If You Could Spend a Few Hours With Any Person Living or Dead, Who Would It Be?
It would be my late father of course
Both my parents died many years ago and obviously I would love to spend time with both of them if possible.
However if I have to choose one person that I would love to spend some time with I will choose my Father.
My Father died six years before my Mother passed away; I was aged just 17.
So in real terms I knew Dad for a short time and now I am aged 66 it seems such a very short time.
My Dad died around four months before I turned 18, at a time when I was still studying at school; life for me changed suddenly.
So meet my Father and find out why we have unfinished business.
It’s a family affairClick thumbnail to view full-size
My father was born in Yorkshire, in England, in April 1914; the year that was the start of the first World War. His Dad, my grandfather, was a naval officer in the Royal Merchant Navy.
This meant Dad started his early life on food rations and with an absent father.
As a small child, his mother sadly died.
Such a loss is hard for any toddler to bear but remember fathers were usually stern in those days and one can only imagine the pain the child felt.
With a father away at sea it was decided that two maiden aunts would look after Dad until a better solution could be found.
A solution did present itself however when Dad was aged four or so.
His father remarried and arrived to take his son to join his new family. The aunts were already so very attached to Dad that in the end he was left to live with them.
This would be his first but not last experience of rejection and loss in life.
A few years before the second world war began my grandfather died at sea or so I thought.
Recently I have learned that grandfather was actually on a vessel which was sunk by a U Boat off the coast of Egypt in 1941.
In !939 the Second World War began and when it was his time Dad wanted to join the Royal Navy. But after persuasion from his aunts he joined the infantry. Like many who served he fought a tough, long war and it took its toll on his health and well-being.
He served seven years in Burma and India.
Although the aunts feared the navy would kill Dad he would probably have fared better in the navy than in the infantry.
He came home after being demobbed in 1947 and he and Mum married the next year. By this time Dad was 34 and Mum 31. Not young by the standards of the day.
Mum's first pregnancy resulted in a stillborn boy. My brother came along in 1950 and I followed in 1952.
Had the first birth been successful I would not be here. Life is a funny game isn't it?
Dad was fine on the surface but in reality he was a shattered man.
In those days post traumatic stress disorder was unrecognized in the U.K. As a very small child I remember Dad having malaria attacks but by the time I started school Dad had suffered his first nervous breakdown.
We had many years when he was fine but then his demons would return. So much so that he attempted suicide when I was aged 14.
Three years later he died of "natural" causes.
Dance with my father again
So why do I want to spend time my father?
Well firstly he was my Dad and I loved him to bits. Sure at times we fought but who doesn't at times.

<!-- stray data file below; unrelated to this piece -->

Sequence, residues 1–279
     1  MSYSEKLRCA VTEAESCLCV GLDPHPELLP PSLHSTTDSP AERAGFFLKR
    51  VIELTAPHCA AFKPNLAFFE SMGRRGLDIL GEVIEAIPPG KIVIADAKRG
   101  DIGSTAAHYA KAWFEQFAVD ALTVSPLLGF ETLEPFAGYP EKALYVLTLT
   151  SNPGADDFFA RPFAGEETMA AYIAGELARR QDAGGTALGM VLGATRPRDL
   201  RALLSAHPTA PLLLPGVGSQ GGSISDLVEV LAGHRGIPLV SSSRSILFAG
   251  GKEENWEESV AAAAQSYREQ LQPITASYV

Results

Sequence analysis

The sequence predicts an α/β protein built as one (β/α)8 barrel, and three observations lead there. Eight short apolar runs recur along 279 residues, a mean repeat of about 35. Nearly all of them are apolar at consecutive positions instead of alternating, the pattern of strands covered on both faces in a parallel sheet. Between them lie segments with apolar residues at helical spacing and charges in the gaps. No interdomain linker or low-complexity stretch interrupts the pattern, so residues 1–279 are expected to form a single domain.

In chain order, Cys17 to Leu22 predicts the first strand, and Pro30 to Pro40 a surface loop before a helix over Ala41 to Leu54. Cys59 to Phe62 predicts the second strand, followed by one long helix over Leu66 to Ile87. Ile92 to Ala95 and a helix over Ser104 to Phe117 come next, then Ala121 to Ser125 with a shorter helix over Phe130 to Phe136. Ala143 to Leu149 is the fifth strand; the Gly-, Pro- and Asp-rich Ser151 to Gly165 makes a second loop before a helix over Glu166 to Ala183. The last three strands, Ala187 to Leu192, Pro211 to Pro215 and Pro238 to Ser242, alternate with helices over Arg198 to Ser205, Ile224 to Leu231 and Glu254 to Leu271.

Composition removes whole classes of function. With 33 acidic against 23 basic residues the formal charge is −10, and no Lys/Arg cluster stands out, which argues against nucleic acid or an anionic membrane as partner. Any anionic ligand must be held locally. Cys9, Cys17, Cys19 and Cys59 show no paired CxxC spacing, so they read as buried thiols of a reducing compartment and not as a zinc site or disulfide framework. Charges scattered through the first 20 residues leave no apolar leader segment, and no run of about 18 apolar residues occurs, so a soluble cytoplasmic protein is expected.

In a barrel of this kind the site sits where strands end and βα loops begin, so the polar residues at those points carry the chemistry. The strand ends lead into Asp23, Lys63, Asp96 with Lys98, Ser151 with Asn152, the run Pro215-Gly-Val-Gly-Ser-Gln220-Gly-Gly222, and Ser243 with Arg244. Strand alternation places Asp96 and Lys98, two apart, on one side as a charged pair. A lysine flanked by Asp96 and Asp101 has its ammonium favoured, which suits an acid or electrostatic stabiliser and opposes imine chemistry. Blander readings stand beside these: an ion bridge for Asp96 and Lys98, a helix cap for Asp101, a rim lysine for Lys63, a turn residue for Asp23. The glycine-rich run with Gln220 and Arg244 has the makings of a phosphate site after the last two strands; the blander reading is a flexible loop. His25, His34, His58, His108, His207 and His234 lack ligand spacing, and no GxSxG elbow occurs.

I remember plenty of fun times and days out also though.
With age I realize just what my parents had to endure.
I know that they did the very best they could for us. Money may been tight, especially when Dad was ill, but we wanted for nothing.
Our educational and spiritual welfare was taken care of. Our house where we lived was always a home to me and a place to want to return to.
But I would love to have a grown up chat with my father, adult to adult.
I would like to hear how the war was for him, as he would never discuss it.
I would love him to rattle a great tune one our old piano, which he could do easily.
I would love to hear him bellow out a song for one more time as his voice was lovely.
I would love to enjoy a cycle ride together one more time. As a child I would struggle to keep up on family bike rides but Dad would place a hand on my shoulder to guide me along. "Lift your feet from the pedals and I'll pedal for you".
I would love to be able to learn some of our family history. With so many people dying young in our family there is no-one to ask.
Who did grandfather marry? Did they have any children? What vessel was grandfather on when he died? How was your childhood being brought up my two maiden aunts? Did you love our mother?
And so many other meaningless questions which matter to me and I would love to hear answered
Above all though I would love to give him the hug of his life, curl up next to him and just enjoy his presence.
Yes still miss you Dad, even after all these years.
Last year I received an unexpected letter from a firm of heir hunters.
Such firms operate in the U.K. working against time to find relatives of unclaimed legacies.
They research family trees in the hope the legacy have a decent payout; they take a small percentage.
They have no idea if any legacy is worth a pittance or a fortune.
But such money has a time limit. If not claimed it goes to the Crown.
So imagine my surprise
I imagined the letter related to a person linked to my father’s extended family but it did not.
It was in fact a relative of dad’s mum who died when he was a small child all a century or so ago.
The bad news is there is little money but the great news is information pertaining to the family, a family tree and more relatives that I dreamed existed.
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© 2011 Ethel Smith